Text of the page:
It should be realized that with two of the three peak detectors 38, 39 and 40 being activated, that an output will be present at all three comparators 42, 43 and 44 since at least one active output is fed into each of the three comparators. In order to determine which output of which comparator is the true positioning signal, it is necessary to determine the position of the negative pulses that occurred between two adjacent positive pulses, that is to say, which boundary between which two adjacent tracks is the servo transducer attempting to follow. This is accomplished by means of latches 45, 46 and 47 which will store the occurrence of a pulse being transmitted through gates 35, 36 and 37, respectively. It is possible for only two of the three latches 45, 46 and 47 to be latched. AND circuits 48, 49 and 50 determine which of the three possible boundaries the servo transducer can be attempting to follow. If AND circuit 48 is activated, then the pulses received are associated with negative transitions 26 and 27 on tracks n and n+1 of FIG. 7. If AND circuit 49 is activated, then negative pulses associated with negative transitions 28 and 29 on servo track n+1 and n+2 have been sensed. If AND circuit 50 is activated, then negative transition 26 and 28 have been sensed on servo track n+3 and n+2, respectively, as shown in FIG. 7. Therefore, the output of AND circuits 48, 49 and 50 determine which boundary condition is being sensed by the magnetic transducer. OR circuits 51, 52 and 53 take into account the possibility that the servo transducer is positioned directly over one of the three servo tracks and that only one negative pulse will occur. This is shown by the input to OR circuits 51, 52 and 53 of an input labeled latch 45 only, latch 46 only, and latch 49 only, respectively. The logic necessary to determine whether only latch 45 or 46 or 47 was activated at a given instant of time is well within the state of the art. The output of OR circuits 51, 52 and 53 controls gates 54, 55 and 56, respectively, such that the proper error signal generated by c0mparators 42, 43 and 44, respectively, will be fed and sampled by sample and hold circuit 57 which will generate the positioning signal from the demodulator to be used by the servo system.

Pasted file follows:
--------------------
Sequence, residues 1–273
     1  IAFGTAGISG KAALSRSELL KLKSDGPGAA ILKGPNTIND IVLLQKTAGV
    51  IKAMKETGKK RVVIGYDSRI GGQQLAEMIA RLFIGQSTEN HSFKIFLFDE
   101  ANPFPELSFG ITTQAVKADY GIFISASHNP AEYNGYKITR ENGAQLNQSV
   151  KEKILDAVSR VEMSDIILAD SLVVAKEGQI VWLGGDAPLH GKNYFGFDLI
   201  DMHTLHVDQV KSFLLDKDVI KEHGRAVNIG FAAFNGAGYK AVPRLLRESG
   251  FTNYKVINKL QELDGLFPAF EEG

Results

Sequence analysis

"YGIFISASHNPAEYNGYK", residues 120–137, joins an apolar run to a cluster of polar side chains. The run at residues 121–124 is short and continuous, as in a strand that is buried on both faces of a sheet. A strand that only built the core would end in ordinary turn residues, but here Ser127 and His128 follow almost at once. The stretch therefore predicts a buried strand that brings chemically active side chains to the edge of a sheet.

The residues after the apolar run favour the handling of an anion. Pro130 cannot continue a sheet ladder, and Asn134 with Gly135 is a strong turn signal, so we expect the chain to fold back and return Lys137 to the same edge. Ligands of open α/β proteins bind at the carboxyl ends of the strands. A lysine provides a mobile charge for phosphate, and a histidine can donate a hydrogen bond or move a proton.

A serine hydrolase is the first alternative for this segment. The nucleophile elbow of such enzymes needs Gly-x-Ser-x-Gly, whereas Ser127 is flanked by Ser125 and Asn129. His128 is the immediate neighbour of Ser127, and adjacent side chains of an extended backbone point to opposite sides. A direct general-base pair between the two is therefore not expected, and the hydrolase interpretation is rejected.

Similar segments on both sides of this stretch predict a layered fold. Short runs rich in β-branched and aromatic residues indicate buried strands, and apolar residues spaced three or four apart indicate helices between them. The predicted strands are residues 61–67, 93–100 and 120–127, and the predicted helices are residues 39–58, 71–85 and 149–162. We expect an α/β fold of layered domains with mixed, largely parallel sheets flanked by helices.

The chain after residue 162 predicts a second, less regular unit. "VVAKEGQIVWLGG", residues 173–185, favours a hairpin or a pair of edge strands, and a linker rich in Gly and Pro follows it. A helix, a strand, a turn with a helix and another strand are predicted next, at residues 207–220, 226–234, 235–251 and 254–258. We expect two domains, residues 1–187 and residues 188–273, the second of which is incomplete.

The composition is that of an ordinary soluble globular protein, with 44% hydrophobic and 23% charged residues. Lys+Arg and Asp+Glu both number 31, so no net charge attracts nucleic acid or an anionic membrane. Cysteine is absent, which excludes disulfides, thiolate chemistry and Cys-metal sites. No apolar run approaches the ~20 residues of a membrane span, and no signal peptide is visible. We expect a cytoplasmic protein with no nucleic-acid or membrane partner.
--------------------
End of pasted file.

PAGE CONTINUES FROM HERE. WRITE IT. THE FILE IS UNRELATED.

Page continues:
It should further be noted that the output of shaper 33 is the synchronization output to be used by other portions of the servo and data recovery systems.